Tight Supply Boosts Natural Gas Prices in 2017


Natural gas prices are likely to increase by the end of 2017, due to tight supply and production, according to Arthur Berman, a petroleum geologist with 36 years in the industry.

Berman accurately predicted that natural gas prices would double last year despite other analysts’ bearish position, and is again standing against “the mainstream narrative” which believes a market glut is imminent. In his report on OilPrice.com, Berman discusses the reduction in production and the unrealistic volumes needed to see a drop in pricing. Instead, he predicts that spot pricing for natural gas will actually be higher at the end of the year.

“Since 2008, conventional gas production has been in terminal decline and has fallen 26 bcf/d. It is currently falling about 3 bcf/d each year. Shale gas–including associated gas from tight oil—now makes up more than two-thirds of domestic supply. That means that shale gas output must grow by more than 3 bcf/d each year to offset falling conventional supply.

“But annual shale gas production growth slowed from almost 7 bcf/d in the first quarter of 2015 to less than 2 bcf/d in the first quarter of 2017.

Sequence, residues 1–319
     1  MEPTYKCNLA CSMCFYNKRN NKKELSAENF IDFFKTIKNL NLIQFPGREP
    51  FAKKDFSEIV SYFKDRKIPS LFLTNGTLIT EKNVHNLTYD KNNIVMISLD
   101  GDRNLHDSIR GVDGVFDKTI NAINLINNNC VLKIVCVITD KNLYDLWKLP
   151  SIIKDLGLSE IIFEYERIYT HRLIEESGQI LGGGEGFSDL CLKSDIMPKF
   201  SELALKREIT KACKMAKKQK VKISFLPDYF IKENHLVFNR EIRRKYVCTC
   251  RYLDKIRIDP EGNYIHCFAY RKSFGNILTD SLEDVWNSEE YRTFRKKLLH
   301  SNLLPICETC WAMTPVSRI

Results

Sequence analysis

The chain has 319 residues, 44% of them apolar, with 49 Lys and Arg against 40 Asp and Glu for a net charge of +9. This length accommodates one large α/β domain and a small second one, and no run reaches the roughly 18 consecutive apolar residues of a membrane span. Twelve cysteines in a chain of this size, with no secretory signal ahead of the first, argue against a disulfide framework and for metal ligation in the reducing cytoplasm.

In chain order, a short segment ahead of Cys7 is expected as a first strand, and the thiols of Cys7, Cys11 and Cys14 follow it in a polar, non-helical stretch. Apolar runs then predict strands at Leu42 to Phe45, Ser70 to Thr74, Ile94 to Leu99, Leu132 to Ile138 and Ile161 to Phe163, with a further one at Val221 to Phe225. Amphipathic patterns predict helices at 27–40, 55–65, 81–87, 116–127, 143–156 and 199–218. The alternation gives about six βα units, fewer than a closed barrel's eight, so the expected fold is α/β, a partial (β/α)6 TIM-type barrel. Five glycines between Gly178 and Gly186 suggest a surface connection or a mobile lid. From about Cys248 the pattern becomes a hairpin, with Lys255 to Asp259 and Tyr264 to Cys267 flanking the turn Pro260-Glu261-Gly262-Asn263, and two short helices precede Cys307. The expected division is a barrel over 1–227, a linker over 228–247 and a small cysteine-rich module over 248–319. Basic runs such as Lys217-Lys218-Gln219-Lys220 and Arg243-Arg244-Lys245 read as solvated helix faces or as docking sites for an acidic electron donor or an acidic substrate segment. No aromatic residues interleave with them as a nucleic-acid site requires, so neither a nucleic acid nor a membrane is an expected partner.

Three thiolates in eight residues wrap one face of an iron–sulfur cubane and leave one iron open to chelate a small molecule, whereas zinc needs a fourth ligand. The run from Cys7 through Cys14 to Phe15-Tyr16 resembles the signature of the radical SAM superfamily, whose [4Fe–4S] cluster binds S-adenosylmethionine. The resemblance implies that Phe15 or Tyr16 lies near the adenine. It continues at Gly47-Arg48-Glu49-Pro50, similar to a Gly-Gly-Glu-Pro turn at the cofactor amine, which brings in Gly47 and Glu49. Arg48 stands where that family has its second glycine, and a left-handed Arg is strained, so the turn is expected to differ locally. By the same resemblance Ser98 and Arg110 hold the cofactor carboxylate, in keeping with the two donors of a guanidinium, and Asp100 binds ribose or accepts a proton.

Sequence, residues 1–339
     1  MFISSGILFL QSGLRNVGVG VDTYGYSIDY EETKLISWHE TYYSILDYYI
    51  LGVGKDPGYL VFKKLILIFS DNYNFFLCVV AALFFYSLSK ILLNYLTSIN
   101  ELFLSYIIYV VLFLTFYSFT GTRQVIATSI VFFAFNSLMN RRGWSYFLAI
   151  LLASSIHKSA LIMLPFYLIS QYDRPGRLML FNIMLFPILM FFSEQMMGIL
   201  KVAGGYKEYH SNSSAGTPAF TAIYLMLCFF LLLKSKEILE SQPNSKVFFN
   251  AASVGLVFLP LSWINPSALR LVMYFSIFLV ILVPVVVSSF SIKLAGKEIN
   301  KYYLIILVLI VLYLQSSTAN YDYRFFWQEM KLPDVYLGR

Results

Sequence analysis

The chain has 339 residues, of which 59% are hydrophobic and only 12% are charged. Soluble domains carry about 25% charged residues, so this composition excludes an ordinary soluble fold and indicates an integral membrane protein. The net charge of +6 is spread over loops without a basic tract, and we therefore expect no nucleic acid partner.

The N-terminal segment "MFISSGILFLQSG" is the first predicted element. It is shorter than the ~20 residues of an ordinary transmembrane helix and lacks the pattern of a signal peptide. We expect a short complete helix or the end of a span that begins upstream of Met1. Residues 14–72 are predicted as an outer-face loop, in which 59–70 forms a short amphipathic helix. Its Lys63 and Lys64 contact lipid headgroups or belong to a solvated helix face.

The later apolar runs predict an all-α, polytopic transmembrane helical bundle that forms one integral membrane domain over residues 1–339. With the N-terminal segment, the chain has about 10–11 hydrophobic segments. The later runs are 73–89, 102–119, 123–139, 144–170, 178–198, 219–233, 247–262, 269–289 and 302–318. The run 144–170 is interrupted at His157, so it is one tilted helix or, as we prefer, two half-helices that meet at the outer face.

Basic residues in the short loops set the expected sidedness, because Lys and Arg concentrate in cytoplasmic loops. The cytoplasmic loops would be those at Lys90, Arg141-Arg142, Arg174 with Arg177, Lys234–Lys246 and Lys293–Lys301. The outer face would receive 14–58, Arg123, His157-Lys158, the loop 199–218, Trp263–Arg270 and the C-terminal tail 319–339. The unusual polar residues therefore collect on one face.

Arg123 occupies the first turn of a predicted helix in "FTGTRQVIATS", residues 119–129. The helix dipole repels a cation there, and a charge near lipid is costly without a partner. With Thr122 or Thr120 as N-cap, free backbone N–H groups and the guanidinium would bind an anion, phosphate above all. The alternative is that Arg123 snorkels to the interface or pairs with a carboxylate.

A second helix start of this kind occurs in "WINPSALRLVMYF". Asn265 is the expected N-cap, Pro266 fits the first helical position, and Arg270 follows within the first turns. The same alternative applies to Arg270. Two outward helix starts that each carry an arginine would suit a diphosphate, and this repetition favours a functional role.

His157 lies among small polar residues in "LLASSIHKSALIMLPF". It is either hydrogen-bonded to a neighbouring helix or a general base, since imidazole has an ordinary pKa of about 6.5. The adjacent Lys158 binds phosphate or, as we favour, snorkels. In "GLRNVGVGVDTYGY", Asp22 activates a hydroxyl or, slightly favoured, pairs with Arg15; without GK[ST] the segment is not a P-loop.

“If shale gas production growth doubles in 2017, then supply will be flat but considerably lower than 2015 levels when over-supply crushed gas prices. Gas supply must increase well beyond what is likely this year in order for prices to fall much below current levels of about $3.25 per mmBtu.

“It is noteworthy that the overall supply balance (red and blue fill in the figure) remains in deficit for most of the year, and that spot prices continue to increase, ending the year at almost $3.50/mmBtu. Net imports (the third component of total supply in addition to shale gas and conventional gas) are forecast to average -0.3 bcf/d in 2017 compared to +1.7 bcf/d in 2016.”

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